But what's good for my soul is not good for big automotive business: So the manufacturers now give us sealed units and black-box engineering that uses computer diagnostics rather than spanners to fix our machines. Ultimately all this leads to the environmental obscenity of built-in obsolescence and disposable products. 

So just maybe a ratty old Harley should be the symbol of environmental sustainability rather than that favourite of the self-righteous - the Toyota Prius.

Monday, 26 January 2015

A new Greek dawn?

Waking up to the news that SYRIZA have won the Greek elections and are about to form a government is a pretty good way to start the week.

And before anybody says it, I do know that Tsipras isn't the messiah and that Greece is not on the brink of constructing a workers' paradise. 

But SYRIZA's success does  represent the most  significant development in Europe since the world economic crisis began. It is not just some  re-alignment of the forces of the Far Left - it has given voice to a mass movement that rejects the politics of austerity.

Of course  lots of questions remain, and a lot of hard messy work to replicate the same kind of force elsewhere - whether it's Podemos in Spain, the Anti-Austerity Alliance in Ireland ... or TUSC at home.

Sunday, 11 January 2015

Je suis ... un ouvrier du monde

Excuse my French. 

I'll admit I rushed to publish a 'Je suis Charlie' status on Facebook in outrage at the shootings last week.  Then I very nearly posted another  'Je suis Ahmed' status. Then I saw that there was even a 'Je suis policier' status doing the rounds. And that made me think - hang on, is that the same policiers who I have witnessed routinely harassing young people of North African descent on the street of Paris? Or the paramilitary thugs of the CRS? 

Maybe we should all think a bit more carefully about some of this stuff:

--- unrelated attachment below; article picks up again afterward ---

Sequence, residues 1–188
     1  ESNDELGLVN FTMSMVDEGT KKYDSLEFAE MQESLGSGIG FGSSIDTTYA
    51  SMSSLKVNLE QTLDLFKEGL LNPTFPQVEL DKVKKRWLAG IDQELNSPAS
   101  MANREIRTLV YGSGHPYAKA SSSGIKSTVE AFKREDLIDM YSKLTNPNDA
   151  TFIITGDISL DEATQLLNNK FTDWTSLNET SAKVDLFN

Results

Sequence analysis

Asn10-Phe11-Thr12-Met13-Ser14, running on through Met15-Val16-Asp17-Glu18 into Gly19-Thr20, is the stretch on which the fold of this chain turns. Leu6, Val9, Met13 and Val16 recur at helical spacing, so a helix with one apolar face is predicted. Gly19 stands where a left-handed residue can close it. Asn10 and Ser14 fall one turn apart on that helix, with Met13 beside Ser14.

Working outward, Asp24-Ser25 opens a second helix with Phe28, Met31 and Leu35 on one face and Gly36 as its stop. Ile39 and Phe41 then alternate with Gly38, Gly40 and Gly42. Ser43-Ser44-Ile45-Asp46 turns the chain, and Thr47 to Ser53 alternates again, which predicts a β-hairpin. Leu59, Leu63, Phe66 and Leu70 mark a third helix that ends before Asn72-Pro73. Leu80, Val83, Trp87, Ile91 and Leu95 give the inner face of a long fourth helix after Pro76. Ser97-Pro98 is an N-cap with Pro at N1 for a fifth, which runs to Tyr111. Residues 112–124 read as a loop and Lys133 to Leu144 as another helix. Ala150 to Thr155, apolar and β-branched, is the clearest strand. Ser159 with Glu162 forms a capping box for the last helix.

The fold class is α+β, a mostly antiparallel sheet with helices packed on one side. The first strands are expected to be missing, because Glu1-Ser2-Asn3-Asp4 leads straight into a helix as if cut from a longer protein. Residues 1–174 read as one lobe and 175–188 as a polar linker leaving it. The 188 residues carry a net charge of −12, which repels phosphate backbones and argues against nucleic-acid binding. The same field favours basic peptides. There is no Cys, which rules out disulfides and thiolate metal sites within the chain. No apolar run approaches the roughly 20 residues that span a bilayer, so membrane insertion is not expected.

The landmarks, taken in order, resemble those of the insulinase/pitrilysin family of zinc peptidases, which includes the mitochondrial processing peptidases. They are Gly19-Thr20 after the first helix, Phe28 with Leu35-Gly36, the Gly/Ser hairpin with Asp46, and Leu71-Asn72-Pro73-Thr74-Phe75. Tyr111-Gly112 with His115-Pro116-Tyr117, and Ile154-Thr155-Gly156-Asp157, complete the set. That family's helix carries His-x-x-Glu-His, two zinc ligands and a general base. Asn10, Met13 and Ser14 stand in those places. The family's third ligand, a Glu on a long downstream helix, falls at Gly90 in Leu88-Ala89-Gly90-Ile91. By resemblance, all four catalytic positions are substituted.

There are inspiring demonstrations in London and Paris today. Displaying feelings of outrage at bigotry; and feelings of unity across communities; and  fear of  an anti-Muslim  backlash. But also displaying  political opportunism on the part of leaders like Netanyahu who want to promote anything but unity.
 
I am hearing a lot of genuine confusion amongst the liberal-minded:
When does ridiculing religion turn into racism?
Just because you have a right to do something does it mean that you should?
Can we really talk about freedom of speech in an unequal society with a gulf between minorities and the dominant culture?

Fair enough. These things can and must be discussed - but it's also worth remembering that the only real answer to these horrors is a radical one, and it has  been around for a while: 'Workers of all lands unite  - you have a world to win.'

Thursday, 8 January 2015

Charlie Hebdo - in defence of blasphemy

I have never understood the concept of blasphemy.

If you are in a position of authority - a teacher, a manager, a team captain or a parent there is no surer sign of your confidence and authority than to take the piss out of yourself or to allow others to do so. In fact it is almost an acid-test of your authority if it can survive ridicule. As a human being, the same ability is actually a test of your humanity - to fail it renders you at best pompous and at worst psychotic.

So why should the  (supposedly)  biggest boss of all any different? 

Woody Allen quipped that God may be omnipotent but he clearly has self-esteem issues. Which I guess is why all religions seem to have a supreme being who requires constant reassurance in the form of worship and who is strictly off-limits from any kind of ridicule.

Following the latest obscene attack in Paris by Islamo-fascists on those who dared to mock them and their ridiculous medieval world view, we are inevitably going to see a wave of vicious Islamo-phobia. However, the best, and only, response, is to emphasize the unity of our common humanity - and to continue fearlessly taking the piss. 

Just as the cartoonists at Charlie Hebdo did.